‘There is no doubt that integrated reporting has been a significant push factor in South African companies applying integrated thinking, with 78% of the executives in the survey acknowledging this,’ says Andersen. ‘However, this is not to say that our companies are fully adept in integrated thinking – many of the survey participants recognise it is a journey and that they have some way to go.

‘It is good to see that the executives and non-executive directors in the survey believe that the last five years they’ve spent on preparing integrated reports have helped improve the way their businesses operate. The investment in leadership time by boards and executives has not been in vain. The results also confirm why the World Economic Forum rates corporate reporting in South Africa so highly.’

As SA has been a global pioneer in integrated reporting, the climate was right to do this survey. Andersen nevertheless believes even more should be done before integrated thinking is fully understood. The objective of integrated thinking is what management and boards have been trying to achieve for decades – a business without ‘silos’.

It evolved from integrated reporting: in the same way that integrated reporting provides a more holistic picture of an organisation’s performance and prospects, so integrated thinking provides the engine that enables the organisation to achieve long-term value creation.

It opens the thought process more widely, and recognises that different issues, factors and capitals all affect one another.

An organisation achieves integrated thinking when it also considers six forms of capital rather than only financial capital in its operations and decision-making as a means of ensuring the longevity of the business.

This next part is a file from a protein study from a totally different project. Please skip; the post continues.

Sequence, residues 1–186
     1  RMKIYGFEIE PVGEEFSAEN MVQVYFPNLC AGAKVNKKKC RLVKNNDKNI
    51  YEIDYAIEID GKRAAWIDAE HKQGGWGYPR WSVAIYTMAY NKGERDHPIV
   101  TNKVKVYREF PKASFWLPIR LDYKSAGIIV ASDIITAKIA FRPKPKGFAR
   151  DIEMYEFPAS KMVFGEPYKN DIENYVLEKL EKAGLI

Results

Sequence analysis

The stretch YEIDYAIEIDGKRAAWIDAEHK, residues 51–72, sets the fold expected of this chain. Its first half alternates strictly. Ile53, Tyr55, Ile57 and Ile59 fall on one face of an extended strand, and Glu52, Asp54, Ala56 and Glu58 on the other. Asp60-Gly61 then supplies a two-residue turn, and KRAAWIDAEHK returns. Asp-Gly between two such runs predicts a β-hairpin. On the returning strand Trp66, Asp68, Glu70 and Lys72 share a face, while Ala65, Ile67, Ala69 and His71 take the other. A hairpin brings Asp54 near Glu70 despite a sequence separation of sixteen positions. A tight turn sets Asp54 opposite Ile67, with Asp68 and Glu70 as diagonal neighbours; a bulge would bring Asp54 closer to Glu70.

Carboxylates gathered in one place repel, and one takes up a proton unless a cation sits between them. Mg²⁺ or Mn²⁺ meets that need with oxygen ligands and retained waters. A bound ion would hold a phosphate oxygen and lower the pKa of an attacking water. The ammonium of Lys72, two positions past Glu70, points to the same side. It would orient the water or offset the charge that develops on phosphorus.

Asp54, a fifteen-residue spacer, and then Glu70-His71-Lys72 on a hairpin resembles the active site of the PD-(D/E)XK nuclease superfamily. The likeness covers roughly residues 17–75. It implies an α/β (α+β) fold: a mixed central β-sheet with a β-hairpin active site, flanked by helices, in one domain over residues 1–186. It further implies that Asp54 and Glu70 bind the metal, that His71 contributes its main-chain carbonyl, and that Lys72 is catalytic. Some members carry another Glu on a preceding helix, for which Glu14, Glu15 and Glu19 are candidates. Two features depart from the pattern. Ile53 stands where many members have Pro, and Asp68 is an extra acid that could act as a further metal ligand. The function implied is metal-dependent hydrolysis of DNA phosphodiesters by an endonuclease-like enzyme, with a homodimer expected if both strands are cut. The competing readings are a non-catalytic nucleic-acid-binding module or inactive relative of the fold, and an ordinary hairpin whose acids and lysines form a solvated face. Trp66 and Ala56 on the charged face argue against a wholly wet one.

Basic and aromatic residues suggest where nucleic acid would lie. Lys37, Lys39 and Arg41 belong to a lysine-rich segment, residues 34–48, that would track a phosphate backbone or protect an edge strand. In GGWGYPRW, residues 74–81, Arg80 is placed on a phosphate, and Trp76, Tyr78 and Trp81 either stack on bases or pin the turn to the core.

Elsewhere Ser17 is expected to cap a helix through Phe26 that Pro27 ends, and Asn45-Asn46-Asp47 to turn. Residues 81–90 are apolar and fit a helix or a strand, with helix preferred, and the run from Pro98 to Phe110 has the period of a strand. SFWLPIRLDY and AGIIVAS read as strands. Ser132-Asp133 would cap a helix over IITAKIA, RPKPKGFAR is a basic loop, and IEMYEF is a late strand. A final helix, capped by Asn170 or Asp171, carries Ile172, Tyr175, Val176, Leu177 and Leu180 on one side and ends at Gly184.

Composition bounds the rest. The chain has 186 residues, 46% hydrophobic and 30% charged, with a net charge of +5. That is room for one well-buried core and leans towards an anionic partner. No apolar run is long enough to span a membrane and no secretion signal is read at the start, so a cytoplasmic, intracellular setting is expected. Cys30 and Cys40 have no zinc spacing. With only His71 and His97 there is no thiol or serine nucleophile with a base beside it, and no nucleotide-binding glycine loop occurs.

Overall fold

The capitals (financial, environmental, social and relationship, intellectual, manufactured and human capital) are manifested in the external environment, stakeholder needs, organisational reactivity, organisational responsiveness, organisational use for (and trade-offs of) capacity, and organisational value creation and performance.

Signs that indicate the successful implementation of integrated thinking include the following:

  • When there is no longer a separation between non-financial and financial performance of the company and wide acceptance that each affects the other.
  • When all functions and divisions share in the company’s strategy and work together to achieve that strategy.
  • When decision-making takes a longer-term view on value creation and how decisions impact on the company’s resources and relationships.

Many of the respondents participating in the SAICA survey suggested that implementing integrated reporting and adopting integrated thinking were linked journeys that evolve over time and that the full benefits would materialise only when integrated thinking had become integral to the organisation.

As awareness of its value spreads, organisations will adopt it in the spirit of enlightened self-interest and long-term business sustainability.

Some respondents even suggested that organisations that did not introduce integrated thinking would not be sustainable in the long term.

Some of the other key drivers of integrated thinking mentioned by respondents included:

  • Changing business circumstances that required a significant change in strategy.
  • Enlightened leadership at board or chief executive officer level.
  • Meeting the needs of stakeholders, especially with regard to social and environmental issues.
  • The complexity of the business.
  • A need to enhance risk management.
  • Adoption of matrix organisation structures.
  • A remuneration strategy linked to improved integration, coupled with appropriate key performance indicators.

Executive and non-executive director participants in the survey felt confident that organisations would gain definite long-term benefits from integrated thinking. Benefits already realised would be consolidated, and organisations would gain further advantages from improved controls governing non-financial information and from enhanced efficiencies. It was also suggested that integrated thinking creates an environment for innovation.